Happy Birthday, Canadian Horror!

Canadian horror cinema hits a major landmark this month. It was exactly 50 years ago that the first feature-length Canadian horror film first hit theaters, kicking off a wave of brutal, bloody and brilliant genre film from north of the 49th. When Julian Roffman concieved the 3-D spookshow THE MASK, it’s doubtful that he could realize the influence and longevity his film would have–he simply wanted to show that a film shot in Canada could achieve U.S. distribution and compete with American films. And it did–THE MASK made it’s U.S. debut on October 27, 1961 in New York City, unnerving Halloween moviegoers with bizarre Freudian visions of ritual sacrifice (as witnessed in the following dream sequence).

Modern moviegoers will get a chance to see that the film holds up quite well when the film screens at the TIFF Bell Lightbox on October 26. Even though Roffman reportedly had to scale back his grand vision for THE MASK it’s still impressive today on several levels, from the wild use of 3-D during the dream sequences, the William Castle-like ballyhoo of the cardboard masks given to viewers, the experimental music score (which I recently discussed in detail on the Depthsploitation blog) and the identifiable Toronto locations.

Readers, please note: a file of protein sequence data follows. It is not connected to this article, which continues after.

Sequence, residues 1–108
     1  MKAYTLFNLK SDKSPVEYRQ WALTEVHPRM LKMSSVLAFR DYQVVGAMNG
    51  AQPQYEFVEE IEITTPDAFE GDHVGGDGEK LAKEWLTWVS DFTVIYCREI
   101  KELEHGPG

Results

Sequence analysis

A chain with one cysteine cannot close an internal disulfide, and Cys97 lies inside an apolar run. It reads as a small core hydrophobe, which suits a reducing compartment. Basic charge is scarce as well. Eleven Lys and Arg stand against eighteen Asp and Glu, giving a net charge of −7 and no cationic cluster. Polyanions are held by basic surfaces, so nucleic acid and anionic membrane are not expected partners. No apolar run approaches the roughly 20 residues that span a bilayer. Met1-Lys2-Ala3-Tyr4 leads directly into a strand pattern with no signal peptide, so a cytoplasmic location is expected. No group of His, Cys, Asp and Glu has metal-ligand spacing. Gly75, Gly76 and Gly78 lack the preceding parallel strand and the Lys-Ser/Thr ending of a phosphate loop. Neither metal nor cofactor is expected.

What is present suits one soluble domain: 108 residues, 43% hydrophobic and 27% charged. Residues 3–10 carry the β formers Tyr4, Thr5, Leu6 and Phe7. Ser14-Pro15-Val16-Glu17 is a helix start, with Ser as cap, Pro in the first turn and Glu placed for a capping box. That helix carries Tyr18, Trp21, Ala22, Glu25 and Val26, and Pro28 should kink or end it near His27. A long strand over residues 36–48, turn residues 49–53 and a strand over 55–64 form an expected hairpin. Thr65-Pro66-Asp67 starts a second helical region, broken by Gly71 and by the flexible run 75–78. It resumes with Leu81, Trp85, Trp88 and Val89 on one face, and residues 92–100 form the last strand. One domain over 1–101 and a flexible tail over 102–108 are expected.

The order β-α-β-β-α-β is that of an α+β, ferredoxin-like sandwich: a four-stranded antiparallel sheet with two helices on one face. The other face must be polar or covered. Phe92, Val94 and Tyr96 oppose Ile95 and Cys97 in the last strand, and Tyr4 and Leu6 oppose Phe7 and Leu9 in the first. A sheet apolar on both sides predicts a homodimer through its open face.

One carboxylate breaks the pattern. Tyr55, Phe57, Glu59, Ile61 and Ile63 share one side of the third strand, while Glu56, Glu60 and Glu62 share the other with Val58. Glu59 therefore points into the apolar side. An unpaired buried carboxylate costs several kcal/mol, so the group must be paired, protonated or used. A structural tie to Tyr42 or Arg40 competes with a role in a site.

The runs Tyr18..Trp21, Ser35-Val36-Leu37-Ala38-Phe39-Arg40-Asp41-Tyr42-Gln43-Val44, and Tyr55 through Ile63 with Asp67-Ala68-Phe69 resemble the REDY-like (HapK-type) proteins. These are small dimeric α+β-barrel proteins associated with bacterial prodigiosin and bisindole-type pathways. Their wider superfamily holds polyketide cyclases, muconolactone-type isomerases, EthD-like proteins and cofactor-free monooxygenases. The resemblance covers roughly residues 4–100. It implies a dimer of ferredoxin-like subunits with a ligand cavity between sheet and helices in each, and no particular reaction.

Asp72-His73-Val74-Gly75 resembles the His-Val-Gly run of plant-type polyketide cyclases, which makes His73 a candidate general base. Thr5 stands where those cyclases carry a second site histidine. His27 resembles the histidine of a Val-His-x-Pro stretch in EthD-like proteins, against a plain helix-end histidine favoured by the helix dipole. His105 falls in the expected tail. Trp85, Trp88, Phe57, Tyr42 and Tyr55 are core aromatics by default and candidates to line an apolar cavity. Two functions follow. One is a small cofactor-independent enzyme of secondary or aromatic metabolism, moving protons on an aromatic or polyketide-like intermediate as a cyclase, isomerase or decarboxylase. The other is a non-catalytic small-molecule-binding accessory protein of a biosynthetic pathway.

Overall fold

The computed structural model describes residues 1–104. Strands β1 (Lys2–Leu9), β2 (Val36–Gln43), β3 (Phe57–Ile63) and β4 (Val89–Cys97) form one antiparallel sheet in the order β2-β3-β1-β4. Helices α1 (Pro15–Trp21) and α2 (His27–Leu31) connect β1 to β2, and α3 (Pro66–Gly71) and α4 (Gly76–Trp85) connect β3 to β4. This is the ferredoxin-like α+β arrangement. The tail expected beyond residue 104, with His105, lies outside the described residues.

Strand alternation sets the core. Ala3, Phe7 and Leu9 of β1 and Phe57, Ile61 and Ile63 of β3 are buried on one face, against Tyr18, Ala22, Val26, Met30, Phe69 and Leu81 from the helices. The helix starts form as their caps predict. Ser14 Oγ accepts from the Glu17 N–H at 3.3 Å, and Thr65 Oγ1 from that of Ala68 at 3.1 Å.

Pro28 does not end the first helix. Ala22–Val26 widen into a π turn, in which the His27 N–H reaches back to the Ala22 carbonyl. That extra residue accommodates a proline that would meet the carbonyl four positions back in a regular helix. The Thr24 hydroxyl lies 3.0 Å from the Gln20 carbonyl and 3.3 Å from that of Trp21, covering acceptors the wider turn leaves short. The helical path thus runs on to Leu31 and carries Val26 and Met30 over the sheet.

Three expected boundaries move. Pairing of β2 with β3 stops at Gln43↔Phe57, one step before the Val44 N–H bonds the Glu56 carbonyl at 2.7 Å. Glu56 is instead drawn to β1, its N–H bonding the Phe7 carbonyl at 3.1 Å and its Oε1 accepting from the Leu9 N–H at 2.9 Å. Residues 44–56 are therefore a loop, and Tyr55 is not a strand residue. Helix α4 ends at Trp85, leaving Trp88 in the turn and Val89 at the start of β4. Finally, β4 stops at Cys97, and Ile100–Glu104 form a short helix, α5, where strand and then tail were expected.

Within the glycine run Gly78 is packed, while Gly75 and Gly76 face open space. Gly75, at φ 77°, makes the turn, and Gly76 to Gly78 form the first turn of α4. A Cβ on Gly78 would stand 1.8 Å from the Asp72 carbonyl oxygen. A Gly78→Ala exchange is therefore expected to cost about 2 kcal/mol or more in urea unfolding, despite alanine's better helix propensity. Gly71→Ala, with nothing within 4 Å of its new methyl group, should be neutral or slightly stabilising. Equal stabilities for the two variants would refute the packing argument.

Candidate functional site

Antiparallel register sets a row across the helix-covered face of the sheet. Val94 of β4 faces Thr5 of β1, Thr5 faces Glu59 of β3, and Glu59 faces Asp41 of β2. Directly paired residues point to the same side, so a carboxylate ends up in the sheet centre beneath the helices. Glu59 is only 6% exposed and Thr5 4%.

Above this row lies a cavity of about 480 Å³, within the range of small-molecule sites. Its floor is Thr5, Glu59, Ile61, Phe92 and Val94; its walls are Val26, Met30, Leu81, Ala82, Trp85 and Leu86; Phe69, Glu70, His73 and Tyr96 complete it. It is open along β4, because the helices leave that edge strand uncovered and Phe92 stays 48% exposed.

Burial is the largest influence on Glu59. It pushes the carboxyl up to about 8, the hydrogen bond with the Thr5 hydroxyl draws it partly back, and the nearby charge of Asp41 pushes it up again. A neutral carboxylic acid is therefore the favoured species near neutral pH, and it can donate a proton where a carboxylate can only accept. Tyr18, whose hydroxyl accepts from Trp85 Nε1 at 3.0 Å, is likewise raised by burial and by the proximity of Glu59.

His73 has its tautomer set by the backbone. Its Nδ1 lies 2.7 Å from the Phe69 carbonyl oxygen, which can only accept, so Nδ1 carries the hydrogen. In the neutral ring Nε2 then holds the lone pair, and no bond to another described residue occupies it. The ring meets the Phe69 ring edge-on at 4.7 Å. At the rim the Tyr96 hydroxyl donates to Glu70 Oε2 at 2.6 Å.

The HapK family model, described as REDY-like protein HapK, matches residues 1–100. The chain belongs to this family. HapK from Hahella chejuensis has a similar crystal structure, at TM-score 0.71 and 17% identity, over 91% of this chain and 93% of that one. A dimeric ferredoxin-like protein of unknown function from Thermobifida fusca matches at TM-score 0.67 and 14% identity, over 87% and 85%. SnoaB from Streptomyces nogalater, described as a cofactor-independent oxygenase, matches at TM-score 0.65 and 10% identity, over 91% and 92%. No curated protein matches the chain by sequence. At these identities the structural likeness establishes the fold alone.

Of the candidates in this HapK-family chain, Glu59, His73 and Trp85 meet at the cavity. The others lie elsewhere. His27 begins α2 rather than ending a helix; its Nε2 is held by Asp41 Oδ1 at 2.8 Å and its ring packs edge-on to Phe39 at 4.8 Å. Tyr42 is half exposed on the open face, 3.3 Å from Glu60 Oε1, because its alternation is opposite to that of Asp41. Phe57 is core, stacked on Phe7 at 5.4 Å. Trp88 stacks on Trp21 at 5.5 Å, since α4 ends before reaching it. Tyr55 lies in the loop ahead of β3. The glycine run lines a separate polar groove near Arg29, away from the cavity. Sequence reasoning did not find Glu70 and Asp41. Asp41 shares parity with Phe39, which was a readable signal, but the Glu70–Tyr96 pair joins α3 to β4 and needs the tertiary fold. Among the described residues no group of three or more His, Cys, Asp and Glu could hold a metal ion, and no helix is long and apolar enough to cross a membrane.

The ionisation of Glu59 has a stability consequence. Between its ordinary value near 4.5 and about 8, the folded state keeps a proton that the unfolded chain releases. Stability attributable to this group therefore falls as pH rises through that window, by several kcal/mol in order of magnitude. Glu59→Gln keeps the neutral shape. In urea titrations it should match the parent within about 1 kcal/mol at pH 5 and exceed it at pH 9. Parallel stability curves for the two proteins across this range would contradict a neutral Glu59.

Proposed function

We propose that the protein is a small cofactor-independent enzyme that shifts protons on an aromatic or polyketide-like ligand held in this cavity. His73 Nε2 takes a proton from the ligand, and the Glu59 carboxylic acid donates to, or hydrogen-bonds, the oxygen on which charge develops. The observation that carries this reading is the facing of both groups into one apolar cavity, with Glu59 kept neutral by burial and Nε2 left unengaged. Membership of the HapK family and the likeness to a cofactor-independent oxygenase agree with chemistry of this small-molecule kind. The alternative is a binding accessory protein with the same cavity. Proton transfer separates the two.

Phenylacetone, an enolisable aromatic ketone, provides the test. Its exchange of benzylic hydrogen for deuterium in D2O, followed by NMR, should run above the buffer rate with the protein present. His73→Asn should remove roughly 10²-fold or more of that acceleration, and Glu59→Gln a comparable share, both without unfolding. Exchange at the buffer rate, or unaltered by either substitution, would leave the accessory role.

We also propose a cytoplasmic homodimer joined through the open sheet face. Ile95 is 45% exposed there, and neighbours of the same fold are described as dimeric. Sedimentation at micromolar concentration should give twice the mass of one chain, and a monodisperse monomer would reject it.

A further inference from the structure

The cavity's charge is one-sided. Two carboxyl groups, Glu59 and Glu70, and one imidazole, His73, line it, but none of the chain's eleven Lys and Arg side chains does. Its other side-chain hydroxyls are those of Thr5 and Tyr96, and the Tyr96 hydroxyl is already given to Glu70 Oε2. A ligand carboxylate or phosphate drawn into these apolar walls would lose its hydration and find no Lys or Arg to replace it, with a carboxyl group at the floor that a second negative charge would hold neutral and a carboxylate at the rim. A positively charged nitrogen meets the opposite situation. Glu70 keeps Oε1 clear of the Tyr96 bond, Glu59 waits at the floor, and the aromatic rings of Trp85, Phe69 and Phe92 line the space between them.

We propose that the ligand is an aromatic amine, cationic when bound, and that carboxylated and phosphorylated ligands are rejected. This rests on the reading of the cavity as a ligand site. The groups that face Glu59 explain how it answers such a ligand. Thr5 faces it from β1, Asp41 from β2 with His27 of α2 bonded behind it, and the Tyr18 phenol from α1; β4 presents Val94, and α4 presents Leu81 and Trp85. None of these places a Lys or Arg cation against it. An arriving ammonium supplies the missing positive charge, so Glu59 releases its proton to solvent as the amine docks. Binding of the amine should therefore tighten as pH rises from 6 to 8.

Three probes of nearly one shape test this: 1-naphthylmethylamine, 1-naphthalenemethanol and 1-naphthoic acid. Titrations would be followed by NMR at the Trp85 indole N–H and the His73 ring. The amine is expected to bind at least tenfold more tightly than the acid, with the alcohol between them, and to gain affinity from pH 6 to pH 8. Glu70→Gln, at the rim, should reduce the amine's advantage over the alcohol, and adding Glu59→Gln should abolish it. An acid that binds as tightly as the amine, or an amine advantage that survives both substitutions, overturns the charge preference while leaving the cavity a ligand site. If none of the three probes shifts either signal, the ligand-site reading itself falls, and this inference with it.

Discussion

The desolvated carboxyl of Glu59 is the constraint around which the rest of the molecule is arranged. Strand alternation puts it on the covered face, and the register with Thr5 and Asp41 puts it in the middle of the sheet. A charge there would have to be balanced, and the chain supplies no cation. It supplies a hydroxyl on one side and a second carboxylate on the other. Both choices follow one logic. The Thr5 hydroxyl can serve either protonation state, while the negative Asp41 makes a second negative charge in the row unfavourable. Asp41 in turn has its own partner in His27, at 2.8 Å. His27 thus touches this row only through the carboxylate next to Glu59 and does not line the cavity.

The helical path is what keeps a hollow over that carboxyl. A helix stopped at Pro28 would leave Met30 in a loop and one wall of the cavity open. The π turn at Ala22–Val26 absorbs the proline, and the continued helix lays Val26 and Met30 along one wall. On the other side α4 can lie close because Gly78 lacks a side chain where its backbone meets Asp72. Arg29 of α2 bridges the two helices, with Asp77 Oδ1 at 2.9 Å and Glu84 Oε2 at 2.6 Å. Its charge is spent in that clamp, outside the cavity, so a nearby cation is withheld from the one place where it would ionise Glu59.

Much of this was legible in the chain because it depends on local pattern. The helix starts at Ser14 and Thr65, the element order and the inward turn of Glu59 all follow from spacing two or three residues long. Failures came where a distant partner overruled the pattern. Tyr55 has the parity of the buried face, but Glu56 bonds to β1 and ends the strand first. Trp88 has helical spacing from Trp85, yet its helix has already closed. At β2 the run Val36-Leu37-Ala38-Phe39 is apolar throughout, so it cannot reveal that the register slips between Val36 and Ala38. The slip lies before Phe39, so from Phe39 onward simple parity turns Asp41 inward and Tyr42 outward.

And even though THE MASK remains a footnote in serious academic study of Canadian film Roffman’s early foray still holds a place of honour at the Lightbox, where you can still see the original mask and storyboards prominently on display, as seen in the following video:

While many other countries have long traditions of horror film dating back to the silent era, Canada’s horror industry is still extremely young. Even still, we’ve cranked out some of the most off-the-wall, high concept horror films ever seen, especially in the golden age of the late 1970s and early ’80s. Unsuspecting Canadians have been ravaged by everything from killer phone signals to telepathic snakes, from talking anatomical dummies to raging yetis with prominent nipples. But it all started with this ambitious little 3-D movie that replicated nightmares like few other efforts of its time. So let’s raise a shish kebab and wish THE MASK a happy 50th birthday–here’s to many more decades of Canadian horror films!

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